These structures have always fascinated me.
They were usually built sometime between the 9th and 12th centuries. They were generally part of monasteries and while they were built to stand alone some have been incorporated into later buildings. They are surprisingly uniform in design with circumferences at the base usually between 14 and 17 m and wall thickness from 0.9m and 1.7m. They also almost all have doors raised above the ground at least 3 m and they have at least four windows at the top, each of which often faces a cardinal point, along with more windows at lower levels in the tower. Most stand at close to 100 feet. There is a possibility that the dimensions were determined by the role of certain numbers in christian theology. They also had several levels connected by ladders. Additionally it is worth noting that the surviving conical tops were often reconstructed in later time periods.
Debate still continues as to their purpose. It is possible that they were simply bell towers, part of the system of the call to prayer with the height made necessary by the size of the ecclesiastical sites. They may have also been symbols reaching towards the glory of God and illustrating the importance of the ecclesiastical site, conveying messages of spiritual and temporal power. There is also an argument, though currently thought of as a little less likely, that they were watch towers and were part of defence systems. They may have been built partly as a response to Viking and other attacks. The monks would have been able to climb in, store their treasures, burn the stairs to the door, keep the raiders out and possibly ring bells from the top of the tower to call for assistance. Essentially no one is absolutely certain as to their purpose. It is also plausible that there were multiple purposes, combinations of the possibilities listed above.
They are immense structures though, the tallest at Kilmacduagh stands at 102 feet and is on a slight lean. They are beautiful and a testament to the ability of their builders as there are over thirty still standing in varying states of repair across Ireland.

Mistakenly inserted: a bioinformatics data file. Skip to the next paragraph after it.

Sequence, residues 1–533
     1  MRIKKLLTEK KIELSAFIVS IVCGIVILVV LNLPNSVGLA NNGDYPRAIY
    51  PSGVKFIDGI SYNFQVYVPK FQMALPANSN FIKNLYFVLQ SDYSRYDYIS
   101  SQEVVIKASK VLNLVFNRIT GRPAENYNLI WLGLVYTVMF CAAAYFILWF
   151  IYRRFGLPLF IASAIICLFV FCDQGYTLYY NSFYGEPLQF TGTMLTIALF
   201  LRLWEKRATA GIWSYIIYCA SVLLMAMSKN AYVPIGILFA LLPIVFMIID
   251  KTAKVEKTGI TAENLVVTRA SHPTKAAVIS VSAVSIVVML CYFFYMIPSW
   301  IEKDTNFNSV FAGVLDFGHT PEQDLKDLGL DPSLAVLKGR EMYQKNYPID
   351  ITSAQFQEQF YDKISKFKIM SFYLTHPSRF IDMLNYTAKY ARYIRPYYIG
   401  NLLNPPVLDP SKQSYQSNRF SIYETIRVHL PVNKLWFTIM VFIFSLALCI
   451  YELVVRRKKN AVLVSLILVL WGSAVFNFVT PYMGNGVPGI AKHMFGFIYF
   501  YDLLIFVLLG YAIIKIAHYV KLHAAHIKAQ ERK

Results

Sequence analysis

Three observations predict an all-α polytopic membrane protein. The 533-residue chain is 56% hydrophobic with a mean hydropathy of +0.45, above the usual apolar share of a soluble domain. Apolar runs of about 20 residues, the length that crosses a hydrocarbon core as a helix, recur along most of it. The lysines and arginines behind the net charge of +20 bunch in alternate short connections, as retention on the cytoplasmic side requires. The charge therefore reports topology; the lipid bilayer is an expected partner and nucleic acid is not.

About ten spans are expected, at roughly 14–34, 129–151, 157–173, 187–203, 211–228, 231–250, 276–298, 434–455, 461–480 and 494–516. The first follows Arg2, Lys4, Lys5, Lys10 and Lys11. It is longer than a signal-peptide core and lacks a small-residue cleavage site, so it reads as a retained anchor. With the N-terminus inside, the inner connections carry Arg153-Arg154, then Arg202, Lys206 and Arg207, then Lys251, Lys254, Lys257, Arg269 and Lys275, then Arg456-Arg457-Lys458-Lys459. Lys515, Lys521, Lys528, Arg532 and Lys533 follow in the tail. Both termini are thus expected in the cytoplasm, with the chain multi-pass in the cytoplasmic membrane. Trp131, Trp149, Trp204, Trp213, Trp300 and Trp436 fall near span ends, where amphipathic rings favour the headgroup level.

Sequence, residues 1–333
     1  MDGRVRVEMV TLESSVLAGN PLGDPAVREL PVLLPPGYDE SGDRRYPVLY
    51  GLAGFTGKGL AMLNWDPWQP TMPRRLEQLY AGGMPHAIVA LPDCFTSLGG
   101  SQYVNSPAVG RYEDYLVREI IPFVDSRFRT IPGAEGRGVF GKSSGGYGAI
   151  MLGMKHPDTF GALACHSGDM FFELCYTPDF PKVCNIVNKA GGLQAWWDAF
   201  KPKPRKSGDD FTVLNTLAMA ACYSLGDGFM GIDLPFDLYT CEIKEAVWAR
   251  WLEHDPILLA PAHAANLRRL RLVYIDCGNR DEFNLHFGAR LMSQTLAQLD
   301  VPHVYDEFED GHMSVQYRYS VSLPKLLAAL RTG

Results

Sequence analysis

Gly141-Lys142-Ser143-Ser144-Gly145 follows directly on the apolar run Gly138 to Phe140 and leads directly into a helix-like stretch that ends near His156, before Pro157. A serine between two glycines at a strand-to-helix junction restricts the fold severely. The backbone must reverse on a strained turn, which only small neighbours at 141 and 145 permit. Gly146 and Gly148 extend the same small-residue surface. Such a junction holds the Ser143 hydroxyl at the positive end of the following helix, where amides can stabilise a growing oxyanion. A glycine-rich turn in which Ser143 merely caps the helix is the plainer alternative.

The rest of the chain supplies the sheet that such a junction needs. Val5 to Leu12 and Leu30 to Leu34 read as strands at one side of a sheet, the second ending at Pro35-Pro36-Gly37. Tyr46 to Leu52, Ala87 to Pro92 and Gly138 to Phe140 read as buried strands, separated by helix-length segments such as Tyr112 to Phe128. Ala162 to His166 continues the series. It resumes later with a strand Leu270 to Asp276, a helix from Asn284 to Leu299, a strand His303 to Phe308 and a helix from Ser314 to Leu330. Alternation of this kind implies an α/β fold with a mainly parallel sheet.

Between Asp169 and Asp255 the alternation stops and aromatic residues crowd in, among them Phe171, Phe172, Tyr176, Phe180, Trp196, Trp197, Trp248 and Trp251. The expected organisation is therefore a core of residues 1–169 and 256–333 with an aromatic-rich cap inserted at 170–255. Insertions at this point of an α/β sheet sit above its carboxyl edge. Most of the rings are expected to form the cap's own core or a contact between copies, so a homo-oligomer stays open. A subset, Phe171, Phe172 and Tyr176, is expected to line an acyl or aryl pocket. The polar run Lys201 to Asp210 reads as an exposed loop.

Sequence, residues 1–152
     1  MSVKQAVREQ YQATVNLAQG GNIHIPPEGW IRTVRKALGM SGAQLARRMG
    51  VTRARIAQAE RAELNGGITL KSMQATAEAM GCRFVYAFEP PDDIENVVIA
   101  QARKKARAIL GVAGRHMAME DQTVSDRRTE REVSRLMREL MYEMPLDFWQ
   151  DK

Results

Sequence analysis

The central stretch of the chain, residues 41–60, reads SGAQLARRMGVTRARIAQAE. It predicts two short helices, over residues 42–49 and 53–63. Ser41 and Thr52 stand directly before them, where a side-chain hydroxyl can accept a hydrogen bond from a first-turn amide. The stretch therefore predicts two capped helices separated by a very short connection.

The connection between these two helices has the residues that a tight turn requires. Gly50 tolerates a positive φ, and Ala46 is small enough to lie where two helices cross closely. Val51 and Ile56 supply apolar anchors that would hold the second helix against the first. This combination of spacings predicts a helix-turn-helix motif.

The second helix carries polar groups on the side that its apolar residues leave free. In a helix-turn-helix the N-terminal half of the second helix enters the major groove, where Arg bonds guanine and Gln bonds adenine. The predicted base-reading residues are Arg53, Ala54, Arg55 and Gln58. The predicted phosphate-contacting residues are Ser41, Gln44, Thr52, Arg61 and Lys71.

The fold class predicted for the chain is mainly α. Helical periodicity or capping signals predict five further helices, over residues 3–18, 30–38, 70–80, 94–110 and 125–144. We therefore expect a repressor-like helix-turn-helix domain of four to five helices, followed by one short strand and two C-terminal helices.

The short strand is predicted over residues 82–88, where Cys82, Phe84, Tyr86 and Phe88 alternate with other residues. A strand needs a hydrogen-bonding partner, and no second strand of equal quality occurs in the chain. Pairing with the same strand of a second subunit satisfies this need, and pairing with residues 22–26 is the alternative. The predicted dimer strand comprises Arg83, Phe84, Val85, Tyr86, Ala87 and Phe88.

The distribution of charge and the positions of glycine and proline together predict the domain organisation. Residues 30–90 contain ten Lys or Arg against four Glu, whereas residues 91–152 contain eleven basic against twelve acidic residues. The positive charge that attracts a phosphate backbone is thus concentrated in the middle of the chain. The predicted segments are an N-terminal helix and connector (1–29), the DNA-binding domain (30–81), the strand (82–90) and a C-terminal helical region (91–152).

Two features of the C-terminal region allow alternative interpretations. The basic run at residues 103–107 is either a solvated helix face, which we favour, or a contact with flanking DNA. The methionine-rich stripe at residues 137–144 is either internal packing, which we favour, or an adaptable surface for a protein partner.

Below you can see examples from all around Ireland of these beautiful and truly intriguing buildings.
Glendalough Round Tower built between 900 and 1200.
Glendalough Round Tower.
St Canice’s Cathedral and Round Tower. Built c. 1111.
View from St Canice’s Round Tower.
Interior of St Canice’s Round Tower. It’s one of the only Round Towers you can climb.
Kilmacduagh Round Tower c. 10th century.
The taller of Clonmacnoise’s two Round Towers c. 12th century.
The taller of Clonmacnoise’s two Round Towers.
The shorter of Clonmacnoise’s two Round Towers c. 12th century.
Round Tower at Drumlane Abbey c. 10th- 11th century with c. 15th century additions.
Round Tower at Drumlane Abbey.
Kells high cross and Round Tower. The Round Tower dates to 10th century.
Kells Round Tower.
Monasterboice Round Tower 10th century.
Monasterboise high cross and Round Tower.
Donaghmore church and Round Tower 11th-12th century.
Donaghmore Round Tower
Lusk church and Round Tower c. 11th century.
Lusk Round Tower
Cashel Round Tower c. 11th century.
Cashel Round Tower.
You can see the astounding similarity in all these towers. They truly stand as a testament to the immense skill of their builders and will, I’m sure, continue to fascinate people well into the future.
For more information see
This truly excellent article by Russell Ó Ríagáin which also investigates the possible influences in the building of the round towers.
For some more general information
all the photos are mine.